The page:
How to get the URL Parameters in JavaScript

It’s no secret that JavaScript is now all around us, most html forms are using JavaScript for validation and of course there’s now JavaScript on the server. This post covers how to get the query string from the current page’s url.

So, let’s start with the really simple part, how to get the page’s current url.

//get the current page's full URL.
var currentPageUrl = window.location.href

window.location.href get’s the page’s current full url including the query string. This would probably work in almost every case.

For example, let’s say we wanted to know if our form was on the signup page, we could search for the value “signup” in the url and it would give us a good enough idea of whether they are on the page or not.

//check if they are on signup page & then do some operation. Possibly we want to mark this in their cookie or do a callout to our marketing automation software.
if (isOnSignupPage(window.location.href) ) {

function doSomething() {
 // ToDo

function isOnSignupPage(theUrl) {
	return theUrl? theUrl.toLowerCase().indexOf('signup') > -1 : false;

That would probably work well enough most of the time, but what about when we need a certain query string value?

Here’s a really simple function that works well on any url and can look for basically any field. It’s implemented this way so it can also potentially work on links.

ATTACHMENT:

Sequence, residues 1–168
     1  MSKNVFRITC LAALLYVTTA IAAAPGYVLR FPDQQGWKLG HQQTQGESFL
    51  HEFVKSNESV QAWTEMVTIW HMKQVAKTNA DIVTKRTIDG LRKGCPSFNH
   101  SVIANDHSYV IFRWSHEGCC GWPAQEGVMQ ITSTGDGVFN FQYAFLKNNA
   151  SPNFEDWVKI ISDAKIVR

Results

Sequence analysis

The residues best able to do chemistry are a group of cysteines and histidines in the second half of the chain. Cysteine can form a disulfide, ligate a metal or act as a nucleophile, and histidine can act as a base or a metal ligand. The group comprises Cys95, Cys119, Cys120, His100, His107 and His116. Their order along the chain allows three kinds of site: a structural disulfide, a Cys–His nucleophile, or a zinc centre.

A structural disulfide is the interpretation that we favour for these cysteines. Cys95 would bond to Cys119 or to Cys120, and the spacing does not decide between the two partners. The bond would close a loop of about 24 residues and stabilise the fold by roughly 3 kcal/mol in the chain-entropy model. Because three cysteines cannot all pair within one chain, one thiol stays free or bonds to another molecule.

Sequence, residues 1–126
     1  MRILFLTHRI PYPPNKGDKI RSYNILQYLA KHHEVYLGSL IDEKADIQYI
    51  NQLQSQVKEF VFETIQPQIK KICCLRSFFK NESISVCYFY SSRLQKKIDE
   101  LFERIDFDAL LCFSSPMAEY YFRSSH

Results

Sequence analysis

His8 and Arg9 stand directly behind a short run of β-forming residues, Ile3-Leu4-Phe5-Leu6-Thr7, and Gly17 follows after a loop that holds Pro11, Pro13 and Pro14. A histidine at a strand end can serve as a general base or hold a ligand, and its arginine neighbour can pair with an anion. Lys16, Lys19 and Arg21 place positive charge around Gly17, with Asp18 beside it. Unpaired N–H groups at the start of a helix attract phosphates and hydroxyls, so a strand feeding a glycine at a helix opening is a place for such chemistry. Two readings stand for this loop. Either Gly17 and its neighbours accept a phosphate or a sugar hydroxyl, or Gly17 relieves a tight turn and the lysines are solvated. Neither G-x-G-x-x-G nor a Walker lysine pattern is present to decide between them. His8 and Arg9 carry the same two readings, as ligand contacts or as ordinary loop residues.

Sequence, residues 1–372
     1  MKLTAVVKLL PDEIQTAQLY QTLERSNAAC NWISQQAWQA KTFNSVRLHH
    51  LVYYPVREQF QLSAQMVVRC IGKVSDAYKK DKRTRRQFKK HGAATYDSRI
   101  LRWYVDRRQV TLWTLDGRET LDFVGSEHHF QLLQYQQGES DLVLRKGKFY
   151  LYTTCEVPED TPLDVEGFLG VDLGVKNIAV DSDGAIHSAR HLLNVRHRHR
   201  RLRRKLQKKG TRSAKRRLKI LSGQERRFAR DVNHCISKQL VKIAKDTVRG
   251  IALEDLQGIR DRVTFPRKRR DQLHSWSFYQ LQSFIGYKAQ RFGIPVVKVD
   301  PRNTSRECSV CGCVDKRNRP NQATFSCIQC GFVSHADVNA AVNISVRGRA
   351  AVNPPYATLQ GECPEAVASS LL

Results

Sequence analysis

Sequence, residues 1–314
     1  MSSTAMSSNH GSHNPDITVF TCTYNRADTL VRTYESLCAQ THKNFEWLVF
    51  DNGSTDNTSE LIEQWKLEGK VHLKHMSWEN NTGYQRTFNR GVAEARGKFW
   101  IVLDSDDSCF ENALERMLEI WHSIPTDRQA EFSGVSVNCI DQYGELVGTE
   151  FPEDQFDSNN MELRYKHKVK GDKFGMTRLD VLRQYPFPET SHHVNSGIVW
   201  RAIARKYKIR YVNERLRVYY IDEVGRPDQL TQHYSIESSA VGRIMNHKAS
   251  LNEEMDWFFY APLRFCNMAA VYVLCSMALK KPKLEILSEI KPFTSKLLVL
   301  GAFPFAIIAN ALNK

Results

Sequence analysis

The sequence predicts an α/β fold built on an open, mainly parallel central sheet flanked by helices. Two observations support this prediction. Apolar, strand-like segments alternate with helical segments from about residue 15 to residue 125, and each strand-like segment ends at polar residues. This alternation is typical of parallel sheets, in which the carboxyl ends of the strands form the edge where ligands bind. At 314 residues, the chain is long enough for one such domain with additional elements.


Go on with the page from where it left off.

function getQueryStringValue( field, url ) {
    var href = url ? url : window.location.href;
    var reg = new RegExp( '[?&]' + field + '=([^&#]*)', 'i' );
    var string = reg.exec(href);
    return string ? string[1] : null;

Alternatively if you really just need the query string values, you could definitely also look at using which returns all of the data at the start of the question mark.

Basically, you would do something like:

function getQueryStringValue( field ) {
    var href =;
	// check it's not undefined
	if ( ! {
		return null;
    var reg = new RegExp( '[?&]' + field + '=([^&#]*)', 'i' );
    var string = reg.exec(href);
    return string ? string[1] : null;

In either case, we can simply call the function from our code and carry on.

Author: Brian Cline

Brian is a programmer living in Niagara Falls with ten years of development experience. He is passionate about automation, business process re-engineering, and gamification. For the last six years or so, he has been working with Salesforce and JavaScript.

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